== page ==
Fight the Future 23 - The Knife Of Never Letting Go

Dan and Paul take an in-depth look at the worlds portrayed Young Adult dystopian fiction.
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Fight the Future 23 - The Knife Of Never Letting Go

Postby Paul » 01 Feb 2016, 10:02

It seemed like a nice planet to settle on - until the pioneers found they couldn't stop broadcasting their thoughts to everyone around them. Awkward! 12-year-old Todd Hewitt's biggest problem was drowning the Noise of adult men's thoughts, until he met a mysterious girl. Now they are on the run from an unkillable preacher, and a medium-sized army. This week, Dan and Paul are joined by YA bookseller Emilee to talk about The Knife of Never Letting Go by Patrick Ness.
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Re: Fight the Future 23 - The Knife Of Never Letting Go

Postby Dubious_wolf » 02 Feb 2016, 14:11

So I think this book summery really highlights why I don't care for young adult dystopia novels (and indeed most scifi in general). Usually the author is dealing with a specific topic in society, by manifesting the topic in some magical way.

I realize writing a book is hard, and reading said book can be daunting as well, but sometimes I'd like my metaphors to be a little more subtle.

I’m very interested to know what other people’s opinions were on the gender issues presented.

You guys always do a really great job. I wish this podcast was around when I worked at a book store. It would have helped a lot when someone wanted suggestions.
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Re: Fight the Future 23 - The Knife Of Never Letting Go

Postby ritchards » 02 Feb 2016, 21:37

So if boys like books with knife in the title, do they go for The Subtle Knife?
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Re: Fight the Future 23 - The Knife Of Never Letting Go

Postby biscuits » 08 Feb 2016, 10:44

This is one of the book series that gave me hope for dystopia fiction again, in particular the second book. When I was reading this book, the action overwhelmed me and it was only on reflection that I saw the gender politics aspect. I think that technique of layering was really effective because it meant that young teenagers can get drawn into it and not be put off by the boring old social issue.

The second book...ohhhh man. The second book is I believe one of my favourite books of all time. Well, it made the author one of my favourite authors of all time. I struggle to decide on favourite books. My favourite authors are Patrick Ness, James Hogg, Roald Dahl and Ian McEwan. I was not expecting a YA author to be in that list before I read the second book. It is an exploration of the existence of free will that just goes deeper and deeper.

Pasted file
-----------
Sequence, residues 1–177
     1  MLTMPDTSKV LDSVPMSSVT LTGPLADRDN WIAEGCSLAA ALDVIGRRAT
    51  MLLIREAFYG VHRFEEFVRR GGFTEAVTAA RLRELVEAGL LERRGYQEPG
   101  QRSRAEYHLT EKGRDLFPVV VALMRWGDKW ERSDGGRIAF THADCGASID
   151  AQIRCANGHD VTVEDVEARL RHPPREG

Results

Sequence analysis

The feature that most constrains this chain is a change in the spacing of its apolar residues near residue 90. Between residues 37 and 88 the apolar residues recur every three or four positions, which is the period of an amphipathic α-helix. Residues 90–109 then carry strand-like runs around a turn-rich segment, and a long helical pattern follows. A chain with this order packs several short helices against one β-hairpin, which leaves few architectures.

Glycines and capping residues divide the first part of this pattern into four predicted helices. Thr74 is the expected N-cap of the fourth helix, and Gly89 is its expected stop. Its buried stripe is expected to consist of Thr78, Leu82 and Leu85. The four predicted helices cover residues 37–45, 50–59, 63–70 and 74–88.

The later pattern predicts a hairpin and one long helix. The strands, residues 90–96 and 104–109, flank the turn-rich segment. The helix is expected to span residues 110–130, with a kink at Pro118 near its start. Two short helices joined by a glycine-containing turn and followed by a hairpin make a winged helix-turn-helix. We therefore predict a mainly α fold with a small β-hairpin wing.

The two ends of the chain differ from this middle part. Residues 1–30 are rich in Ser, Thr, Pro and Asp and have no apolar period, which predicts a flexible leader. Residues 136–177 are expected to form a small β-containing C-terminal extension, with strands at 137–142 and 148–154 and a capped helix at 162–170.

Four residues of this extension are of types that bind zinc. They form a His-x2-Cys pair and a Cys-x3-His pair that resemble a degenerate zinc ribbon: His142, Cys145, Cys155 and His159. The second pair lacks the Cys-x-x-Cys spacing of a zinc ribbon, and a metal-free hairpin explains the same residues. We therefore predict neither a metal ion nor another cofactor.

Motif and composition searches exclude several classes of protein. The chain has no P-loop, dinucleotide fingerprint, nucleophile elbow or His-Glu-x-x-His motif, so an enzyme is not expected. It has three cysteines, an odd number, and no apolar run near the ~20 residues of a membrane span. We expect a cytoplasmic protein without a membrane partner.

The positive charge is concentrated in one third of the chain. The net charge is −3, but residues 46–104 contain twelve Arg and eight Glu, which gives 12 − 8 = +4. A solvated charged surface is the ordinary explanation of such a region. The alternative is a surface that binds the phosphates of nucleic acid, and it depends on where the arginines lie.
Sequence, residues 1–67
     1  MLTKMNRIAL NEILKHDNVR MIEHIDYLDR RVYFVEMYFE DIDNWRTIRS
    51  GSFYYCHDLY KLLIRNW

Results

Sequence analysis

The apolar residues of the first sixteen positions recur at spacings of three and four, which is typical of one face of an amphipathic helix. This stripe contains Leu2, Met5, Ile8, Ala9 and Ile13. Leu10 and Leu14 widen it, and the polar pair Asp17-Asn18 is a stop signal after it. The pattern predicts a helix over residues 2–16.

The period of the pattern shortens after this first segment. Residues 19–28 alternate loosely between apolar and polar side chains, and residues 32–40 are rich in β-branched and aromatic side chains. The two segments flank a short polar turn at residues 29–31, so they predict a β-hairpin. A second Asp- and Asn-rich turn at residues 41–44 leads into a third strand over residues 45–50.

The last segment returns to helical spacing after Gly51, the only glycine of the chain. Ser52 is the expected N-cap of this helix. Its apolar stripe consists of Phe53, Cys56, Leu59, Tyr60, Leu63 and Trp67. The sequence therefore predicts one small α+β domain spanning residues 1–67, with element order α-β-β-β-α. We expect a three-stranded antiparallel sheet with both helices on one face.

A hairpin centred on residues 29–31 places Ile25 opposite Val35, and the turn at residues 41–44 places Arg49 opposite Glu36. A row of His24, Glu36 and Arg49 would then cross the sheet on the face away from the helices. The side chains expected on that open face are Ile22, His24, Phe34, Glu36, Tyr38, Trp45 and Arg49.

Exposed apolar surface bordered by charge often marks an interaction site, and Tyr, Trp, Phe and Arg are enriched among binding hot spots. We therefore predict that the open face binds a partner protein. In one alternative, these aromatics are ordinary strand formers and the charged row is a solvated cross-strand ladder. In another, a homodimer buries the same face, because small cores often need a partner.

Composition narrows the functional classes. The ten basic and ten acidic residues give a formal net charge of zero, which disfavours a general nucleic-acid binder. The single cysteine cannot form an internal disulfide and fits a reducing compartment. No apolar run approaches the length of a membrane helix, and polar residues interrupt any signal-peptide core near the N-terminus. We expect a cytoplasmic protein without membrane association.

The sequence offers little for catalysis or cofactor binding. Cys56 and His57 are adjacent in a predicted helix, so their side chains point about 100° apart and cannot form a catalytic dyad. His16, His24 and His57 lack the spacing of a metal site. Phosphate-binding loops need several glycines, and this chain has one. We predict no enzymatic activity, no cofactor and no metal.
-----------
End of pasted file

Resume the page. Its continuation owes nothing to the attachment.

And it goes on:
Also the thing about the male and female actors...that's dangerously close to the third book's male and female health centres. The male health professionals are called Doctors and the female health professionals are called Healers. The idea is that there is a choice of noise or no noise, but it ends up with just the men going to the Doctors and the women going to the Healers. The existence of difference, no matter how neutral the society is towards either gender (the book doesn't quite get to bringing up non-binary genders, though that would have been interesting), still results in segregation, which in turn leads to the almost equal gender split between the followers of the Mayor and the followers of Misstress Coyle.
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Re: Fight the Future 23 - The Knife Of Never Letting Go

Postby Daniel » 11 Feb 2016, 10:42

Thanks a bunch for this info @biscuits - I should read the sequels!

And thanks for the nice comments, @Dubious_wolf!
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Re: Fight the Future 23 - The Knife Of Never Letting Go

Postby GregSanders » 17 Feb 2016, 14:09

Agree with @biscuits on loving the second book. I thought the third was also quite good if overly climatic in the ending, but #2 was the peak for me. To your concern @Dubious_wolf, the handling becomes unsubtle as your learn more but I think Ness does a great job of avoiding being one note by exploring a range of characters and circumstances. Also I do think the Noise plays with the idea of social media and social/political power in some interesting ways that mean that the book isn't just about one thing thematically.

Two larger thoughts. First off, I was really eager for you to review this book after listening to the Podcast about on a Boy and His Dog. As you mention, there's echoes here, but I think the finale of the first book seems to be almost a critique and response to that earlier story in that it inverts the outcome of the the male lead's choice between a telepathic dog and a female companion, in no small part by making that female companion a real person from the start.

I think the second book is particularly interesting viewed to view in light of current conflicts with heavy gendered aspects, such as the Afghan war with the Taliban's oppression of women, and past conflicts where one group had everything on the line, such as African Americans in the American Civil war and prior uprisings. (With the Spackle being a whole third dimension). Also, You do end up with a variety of men as followers of Mistress Coyle and splits among her female followers, so the variety within each group is highlighted.
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Re: Fight the Future 23 - The Knife Of Never Letting Go

Postby Daniel » 22 Feb 2016, 11:13

Great point @GregSanders, in the contrast with the Boy and His Dog! (it's a bummer though that it fulfilled an all-too-typical YA trope, of the brave dog dying. Gordon Korman even wrote a whole novel based on that called No More Dead Dogs) Other good thoughts there too.

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